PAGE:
Warning! Spoilers for Avenue 5 ahead!
The story so far: Judd is forced to face the passenger he fears most. After increasing protests and hatred from the public, Rav makes a rash decision. Billie seems to have found a way to get the Avenue 5 back home. It only requires Captain Clark learning something that normally takes five years to master. Many of the passengers start turning to religion after a surprising sighting. The show continues to add layers to the community that is on the ship.
The first season of Avenue 5 has had its ups and downs. While it has been consistently good, the show has struggled to find a consistent pace. That being said, the HBO comedy has continued to add to its story. The people aboard the stranded ship and how they are coping with what seems to be a futile situation has been the focus of the past few episodes.
Episode eight focuses on two revelations from the previous edition. Billie seems to have found a way to get the ship back home. Even better she has found a solution that will not result in having to play a lethal lottery. Her plan would have everyone back on Earth in six months. The caveat is Clark has to learn a piloting maneuver that normally takes five years to master in that few month period.
‘This is Physically Hurting Me’ sees the continued evolution of Clark. Though he does not have much confidence in himself – or from the actual crew – he still is willing to learn how to dock the Avenue 5. It is clearly important to him to succeed. Clark no longer has a self serving purpose and is not trying to save face. He simply wants to save the lives of the passengers on board.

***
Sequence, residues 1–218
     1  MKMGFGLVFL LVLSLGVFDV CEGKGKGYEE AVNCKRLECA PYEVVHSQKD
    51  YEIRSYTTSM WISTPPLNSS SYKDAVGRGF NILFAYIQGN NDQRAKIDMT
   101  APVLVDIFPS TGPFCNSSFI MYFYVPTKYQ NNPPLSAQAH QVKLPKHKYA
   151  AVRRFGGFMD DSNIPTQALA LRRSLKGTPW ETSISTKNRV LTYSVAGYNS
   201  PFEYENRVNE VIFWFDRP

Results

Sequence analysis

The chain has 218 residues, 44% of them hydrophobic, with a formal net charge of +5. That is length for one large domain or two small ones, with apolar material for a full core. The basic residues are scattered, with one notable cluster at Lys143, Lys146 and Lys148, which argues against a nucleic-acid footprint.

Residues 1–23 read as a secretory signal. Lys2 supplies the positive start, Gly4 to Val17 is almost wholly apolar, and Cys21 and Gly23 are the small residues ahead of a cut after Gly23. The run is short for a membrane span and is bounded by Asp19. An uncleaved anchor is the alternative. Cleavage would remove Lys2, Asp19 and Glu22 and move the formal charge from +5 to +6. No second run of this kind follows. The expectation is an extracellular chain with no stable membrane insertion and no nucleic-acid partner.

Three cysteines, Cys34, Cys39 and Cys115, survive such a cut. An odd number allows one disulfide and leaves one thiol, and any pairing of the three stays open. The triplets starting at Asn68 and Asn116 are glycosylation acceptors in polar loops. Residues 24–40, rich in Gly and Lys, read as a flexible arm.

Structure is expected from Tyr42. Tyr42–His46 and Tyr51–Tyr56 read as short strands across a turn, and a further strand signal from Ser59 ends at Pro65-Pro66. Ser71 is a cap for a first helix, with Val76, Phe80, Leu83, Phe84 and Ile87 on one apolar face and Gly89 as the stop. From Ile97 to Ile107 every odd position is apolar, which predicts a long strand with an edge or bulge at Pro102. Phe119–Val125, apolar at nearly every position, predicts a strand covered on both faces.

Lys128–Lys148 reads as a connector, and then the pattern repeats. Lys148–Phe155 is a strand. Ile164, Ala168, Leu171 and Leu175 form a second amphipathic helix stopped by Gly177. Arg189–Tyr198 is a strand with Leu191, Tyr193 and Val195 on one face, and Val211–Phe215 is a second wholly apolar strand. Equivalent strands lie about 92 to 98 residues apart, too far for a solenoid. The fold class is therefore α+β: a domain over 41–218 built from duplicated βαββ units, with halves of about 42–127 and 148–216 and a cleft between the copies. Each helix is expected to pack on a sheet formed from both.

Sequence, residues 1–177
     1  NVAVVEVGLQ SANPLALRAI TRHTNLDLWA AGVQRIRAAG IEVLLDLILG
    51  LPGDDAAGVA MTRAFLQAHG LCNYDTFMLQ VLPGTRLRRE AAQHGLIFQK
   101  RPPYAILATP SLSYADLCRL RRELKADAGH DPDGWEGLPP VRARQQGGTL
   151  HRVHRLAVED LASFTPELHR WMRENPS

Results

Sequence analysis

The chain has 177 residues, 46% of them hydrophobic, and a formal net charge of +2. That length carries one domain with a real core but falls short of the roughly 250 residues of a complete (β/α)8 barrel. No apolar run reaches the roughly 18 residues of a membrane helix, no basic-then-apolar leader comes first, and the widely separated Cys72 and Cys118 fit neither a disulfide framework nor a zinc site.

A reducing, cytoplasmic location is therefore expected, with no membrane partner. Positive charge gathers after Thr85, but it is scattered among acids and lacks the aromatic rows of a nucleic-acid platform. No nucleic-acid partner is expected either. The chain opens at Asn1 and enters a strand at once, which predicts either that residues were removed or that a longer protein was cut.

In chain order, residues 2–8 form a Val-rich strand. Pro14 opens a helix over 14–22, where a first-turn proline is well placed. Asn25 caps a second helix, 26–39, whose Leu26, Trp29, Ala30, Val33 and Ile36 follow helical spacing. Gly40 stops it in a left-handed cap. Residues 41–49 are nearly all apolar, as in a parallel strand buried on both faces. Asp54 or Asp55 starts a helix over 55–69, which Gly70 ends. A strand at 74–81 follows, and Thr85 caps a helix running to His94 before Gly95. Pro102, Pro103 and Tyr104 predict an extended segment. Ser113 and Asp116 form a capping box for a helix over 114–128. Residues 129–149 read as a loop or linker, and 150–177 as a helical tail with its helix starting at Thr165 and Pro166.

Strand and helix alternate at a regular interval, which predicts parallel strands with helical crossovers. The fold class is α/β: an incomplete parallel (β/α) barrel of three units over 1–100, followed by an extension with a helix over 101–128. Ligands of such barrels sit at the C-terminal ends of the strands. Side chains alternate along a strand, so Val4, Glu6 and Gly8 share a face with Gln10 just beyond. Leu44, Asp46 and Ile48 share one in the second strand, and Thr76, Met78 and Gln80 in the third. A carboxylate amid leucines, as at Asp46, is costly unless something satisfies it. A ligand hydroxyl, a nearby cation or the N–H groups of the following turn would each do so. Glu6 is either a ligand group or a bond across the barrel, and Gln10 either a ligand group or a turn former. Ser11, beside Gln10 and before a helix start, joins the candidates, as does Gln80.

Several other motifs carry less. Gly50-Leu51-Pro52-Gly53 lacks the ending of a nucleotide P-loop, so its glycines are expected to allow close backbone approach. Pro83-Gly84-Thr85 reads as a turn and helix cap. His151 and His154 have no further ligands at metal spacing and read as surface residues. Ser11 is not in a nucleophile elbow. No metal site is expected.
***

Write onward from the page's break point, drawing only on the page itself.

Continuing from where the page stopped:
When Judd makes a rash decision involving Clark, the show also explores the strain on the Captain’s psyche. At this point, he is almost glad to give up on his responsibilities. At this point, the more selfish side of Clark returns. In other words, he is a complex character. When in a position of responsibility, he takes the duties seriously. When he is essentially told he is no different than anyone else, he relishes the opportunity to not be the focal point. This is great writing that shows different sides to a character without coming off as hypocritical.
The past few episodes of Avenue 5 have seen an increased focus on Matt. The eighth episode sees the ship’s customer service liaison dispense his own brand of helpful advice. When it backfires on him in the most gruesome and spectacular way possible, the viewer sees Matt doubt himself for the first time. It is a nice touch to the character. It was obvious he took his job serious. The question was did Matt say things because he was being genuine or because it was his job? The episode showed just how much Matt cares about what he does.
The passengers have made increasingly strange decisions based on their situation. It was already made clear that most of them are self and short sighted. The trip was as much a statement about their status as anything else. As the entrapment has worsened, people have taken to different ways to cope. ‘This is Physically Hurting Me’ sees them go into a frenzied state of denial. The results are predictable and a highlight of the season.
As the debut season of Avenue 5 draws to a close, it delivers arguably its funniest episode. There is a sense of tension throughout the show as major decisions have to be made. The passengers continue to be the most interesting people to watch. Seeing how the group acts under the most dire of circumstances is almost an odd social experiment. Avenue 5 has gotten better over the course of the season leading to an interesting season finale.